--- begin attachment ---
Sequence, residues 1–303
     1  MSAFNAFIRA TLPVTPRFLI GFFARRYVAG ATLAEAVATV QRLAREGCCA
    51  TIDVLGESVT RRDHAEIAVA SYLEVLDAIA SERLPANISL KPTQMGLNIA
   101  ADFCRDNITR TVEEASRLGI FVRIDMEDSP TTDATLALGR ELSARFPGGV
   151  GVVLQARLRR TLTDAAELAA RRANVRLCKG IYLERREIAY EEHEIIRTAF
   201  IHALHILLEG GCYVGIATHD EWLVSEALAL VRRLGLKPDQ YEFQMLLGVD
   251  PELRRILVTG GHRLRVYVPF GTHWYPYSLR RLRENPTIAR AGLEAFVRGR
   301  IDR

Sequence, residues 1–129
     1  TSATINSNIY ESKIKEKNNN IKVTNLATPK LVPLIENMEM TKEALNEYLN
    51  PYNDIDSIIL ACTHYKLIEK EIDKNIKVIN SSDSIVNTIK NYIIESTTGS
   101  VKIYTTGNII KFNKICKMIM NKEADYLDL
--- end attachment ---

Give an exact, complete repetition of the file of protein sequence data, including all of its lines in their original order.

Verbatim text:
Sequence, residues 1–303
     1  MSAFNAFIRA TLPVTPRFLI GFFARRYVAG ATLAEAVATV QRLAREGCCA
    51  TIDVLGESVT RRDHAEIAVA SYLEVLDAIA SERLPANISL KPTQMGLNIA
   101  ADFCRDNITR TVEEASRLGI FVRIDMEDSP TTDATLALGR ELSARFPGGV
   151  GVVLQARLRR TLTDAAELAA RRANVRLCKG IYLERREIAY EEHEIIRTAF
   201  IHALHILLEG GCYVGIATHD EWLVSEALAL VRRLGLKPDQ YEFQMLLGVD
   251  PELRRILVTG GHRLRVYVPF GTHWYPYSLR RLRENPTIAR AGLEAFVRGR
   301  IDR

Sequence, residues 1–129
     1  TSATINSNIY ESKIKEKNNN IKVTNLATPK LVPLIENMEM TKEALNEYLN
    51  PYNDIDSIIL ACTHYKLIEK EIDKNIKVIN SSDSIVNTIK NYIIESTTGS
   101  VKIYTTGNII KFNKICKMIM NKEADYLDL